Vietnam is holding a parade to celebrate the 40th anniversary of the military victory that ended the Vietnam War and reunified the country under communist rule.
As top officials looked on Thursday, thousands of flag-waving Vietnamese soldiers, war veterans, and others marched toward the center of Ho Chi Minh City.
The parade was a reenactment of the events of April 30, 1975, when North Vietnamese tanks victoriously rolled into the center of what was then the South Vietnamese capital, known as Saigon.
The victory marked the end of the North Vietnamese government’s decades-long war, first with France and then with the United States. Around 58,000 U.S. soldiers and up to 4 million Vietnamese were killed in the conflict.
The U.S., which supported the South Vietnamese in an attempt to stop the spread of communism, pulled its last embassy officials out of Saigon as North Vietnamese troops entered the city.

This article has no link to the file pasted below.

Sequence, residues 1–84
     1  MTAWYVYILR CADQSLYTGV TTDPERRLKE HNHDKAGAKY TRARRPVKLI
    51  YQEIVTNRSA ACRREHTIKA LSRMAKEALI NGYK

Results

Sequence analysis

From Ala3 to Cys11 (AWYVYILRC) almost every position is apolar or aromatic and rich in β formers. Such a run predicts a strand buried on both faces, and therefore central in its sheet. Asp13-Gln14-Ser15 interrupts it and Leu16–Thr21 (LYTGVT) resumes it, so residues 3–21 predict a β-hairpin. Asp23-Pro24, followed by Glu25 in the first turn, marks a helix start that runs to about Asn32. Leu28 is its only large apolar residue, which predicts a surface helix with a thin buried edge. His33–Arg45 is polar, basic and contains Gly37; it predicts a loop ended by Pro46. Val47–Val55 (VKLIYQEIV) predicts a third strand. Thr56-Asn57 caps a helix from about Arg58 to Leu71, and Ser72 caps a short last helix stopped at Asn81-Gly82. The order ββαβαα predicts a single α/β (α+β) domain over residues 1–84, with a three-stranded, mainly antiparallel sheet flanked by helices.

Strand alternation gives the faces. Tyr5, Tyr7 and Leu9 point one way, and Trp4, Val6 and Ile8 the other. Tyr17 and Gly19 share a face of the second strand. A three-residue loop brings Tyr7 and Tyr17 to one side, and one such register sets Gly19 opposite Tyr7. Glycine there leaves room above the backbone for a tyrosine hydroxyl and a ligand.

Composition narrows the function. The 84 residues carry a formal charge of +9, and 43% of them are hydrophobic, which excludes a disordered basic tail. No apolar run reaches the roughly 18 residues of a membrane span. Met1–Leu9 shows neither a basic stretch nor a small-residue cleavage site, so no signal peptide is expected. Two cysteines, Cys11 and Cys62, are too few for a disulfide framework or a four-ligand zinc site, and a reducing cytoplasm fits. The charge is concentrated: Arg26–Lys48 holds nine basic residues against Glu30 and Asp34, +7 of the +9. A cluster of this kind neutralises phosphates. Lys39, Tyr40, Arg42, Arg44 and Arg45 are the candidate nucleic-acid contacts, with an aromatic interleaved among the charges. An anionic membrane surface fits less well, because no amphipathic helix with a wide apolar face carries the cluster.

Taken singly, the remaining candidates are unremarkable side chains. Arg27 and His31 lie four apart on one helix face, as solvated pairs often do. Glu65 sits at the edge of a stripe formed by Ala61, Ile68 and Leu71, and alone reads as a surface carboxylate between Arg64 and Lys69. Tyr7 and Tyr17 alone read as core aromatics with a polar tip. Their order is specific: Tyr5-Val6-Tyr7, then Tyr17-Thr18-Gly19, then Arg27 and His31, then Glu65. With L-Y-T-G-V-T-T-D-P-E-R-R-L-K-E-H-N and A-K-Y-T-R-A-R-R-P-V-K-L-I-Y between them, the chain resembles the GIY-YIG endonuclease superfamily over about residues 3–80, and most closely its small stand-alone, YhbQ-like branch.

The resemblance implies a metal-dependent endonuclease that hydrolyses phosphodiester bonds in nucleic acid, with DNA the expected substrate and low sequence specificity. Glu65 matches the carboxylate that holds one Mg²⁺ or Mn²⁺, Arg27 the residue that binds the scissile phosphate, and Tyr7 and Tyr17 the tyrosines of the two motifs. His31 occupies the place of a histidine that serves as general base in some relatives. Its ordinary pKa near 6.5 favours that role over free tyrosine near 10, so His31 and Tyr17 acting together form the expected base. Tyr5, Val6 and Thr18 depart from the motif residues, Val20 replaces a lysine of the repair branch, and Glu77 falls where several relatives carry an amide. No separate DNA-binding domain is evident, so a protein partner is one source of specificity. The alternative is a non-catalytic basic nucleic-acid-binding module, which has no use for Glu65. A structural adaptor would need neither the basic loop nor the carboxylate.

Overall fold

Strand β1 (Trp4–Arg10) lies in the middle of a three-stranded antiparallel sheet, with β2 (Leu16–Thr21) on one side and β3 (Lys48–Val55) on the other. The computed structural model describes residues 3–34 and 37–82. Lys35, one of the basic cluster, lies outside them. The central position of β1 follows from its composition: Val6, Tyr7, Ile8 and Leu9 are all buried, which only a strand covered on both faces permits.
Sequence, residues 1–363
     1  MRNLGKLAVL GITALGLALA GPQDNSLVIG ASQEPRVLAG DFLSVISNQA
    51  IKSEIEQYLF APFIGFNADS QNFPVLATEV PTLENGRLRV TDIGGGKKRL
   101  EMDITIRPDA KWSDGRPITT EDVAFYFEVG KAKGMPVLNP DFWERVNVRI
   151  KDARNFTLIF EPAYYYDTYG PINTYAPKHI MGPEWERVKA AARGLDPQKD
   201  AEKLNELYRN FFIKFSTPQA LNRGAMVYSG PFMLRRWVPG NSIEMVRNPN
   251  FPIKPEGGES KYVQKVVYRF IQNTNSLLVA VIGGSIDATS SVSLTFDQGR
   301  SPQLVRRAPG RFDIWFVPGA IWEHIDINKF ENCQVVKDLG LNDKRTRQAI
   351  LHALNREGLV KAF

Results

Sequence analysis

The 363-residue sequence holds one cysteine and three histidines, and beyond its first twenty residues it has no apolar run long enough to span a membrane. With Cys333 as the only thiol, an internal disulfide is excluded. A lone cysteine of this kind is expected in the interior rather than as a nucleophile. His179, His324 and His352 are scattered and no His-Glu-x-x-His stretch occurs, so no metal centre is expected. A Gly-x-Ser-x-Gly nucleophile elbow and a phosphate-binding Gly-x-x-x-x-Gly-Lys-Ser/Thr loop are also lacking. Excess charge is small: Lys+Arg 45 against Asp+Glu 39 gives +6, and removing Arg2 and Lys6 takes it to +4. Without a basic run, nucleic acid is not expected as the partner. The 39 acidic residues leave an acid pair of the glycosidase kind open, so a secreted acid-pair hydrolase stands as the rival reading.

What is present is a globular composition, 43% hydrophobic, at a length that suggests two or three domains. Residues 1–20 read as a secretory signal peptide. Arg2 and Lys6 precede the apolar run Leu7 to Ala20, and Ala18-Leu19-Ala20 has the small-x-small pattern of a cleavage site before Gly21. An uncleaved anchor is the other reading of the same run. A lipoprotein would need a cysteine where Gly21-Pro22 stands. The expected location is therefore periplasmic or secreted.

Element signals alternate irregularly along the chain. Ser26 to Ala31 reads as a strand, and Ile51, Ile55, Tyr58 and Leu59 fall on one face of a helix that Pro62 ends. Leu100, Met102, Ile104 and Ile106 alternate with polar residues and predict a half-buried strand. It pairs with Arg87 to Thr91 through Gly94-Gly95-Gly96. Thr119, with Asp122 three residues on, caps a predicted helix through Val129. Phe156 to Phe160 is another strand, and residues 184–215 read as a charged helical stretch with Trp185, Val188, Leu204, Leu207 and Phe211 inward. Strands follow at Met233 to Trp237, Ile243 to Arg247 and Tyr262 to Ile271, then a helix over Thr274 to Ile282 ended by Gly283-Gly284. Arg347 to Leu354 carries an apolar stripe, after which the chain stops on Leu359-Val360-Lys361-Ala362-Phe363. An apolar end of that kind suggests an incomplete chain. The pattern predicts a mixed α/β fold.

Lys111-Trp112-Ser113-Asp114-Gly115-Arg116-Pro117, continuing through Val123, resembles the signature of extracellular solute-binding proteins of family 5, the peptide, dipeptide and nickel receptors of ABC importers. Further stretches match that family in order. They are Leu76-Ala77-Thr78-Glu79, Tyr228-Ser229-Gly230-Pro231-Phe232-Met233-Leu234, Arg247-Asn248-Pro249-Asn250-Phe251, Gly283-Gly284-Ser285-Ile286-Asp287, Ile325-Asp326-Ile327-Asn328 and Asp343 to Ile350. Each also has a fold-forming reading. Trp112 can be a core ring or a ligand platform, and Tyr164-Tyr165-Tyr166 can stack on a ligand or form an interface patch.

During Thursday’s festivities, Vietnamese Prime Minister Nguyen Tan Dung praised the victory as one of “ardent patriotism” and national reunification.
“I call on Vietnamese people at home and abroad to uphold the sense of patriotism, the tradition of humanity and tolerance; to rise above the past and differences; to sincerely engage in national reconciliation,” he said.
Prime Minister Dung also slammed what he referred to as Washington’s “countless barbarous crimes” that he said caused “immeasurable losses and pain to our people and country,” according to the French news agency.
No U.S. diplomats attended the parade. However, American officials were expected to attend a separate, small ceremony at the U.S. Consulate on Thursday to remember U.S. troops who died during the final days of the war.
Despite their bitter past, economic and military ties between the U.S. and Vietnam have improved in recent years. Thursday is the 20th anniversary since the two countries reestablished diplomatic relations.
Vietnam now embraces a degree of capitalism, though it continues to adhere to a one-party system of government and restricts freedom of speech.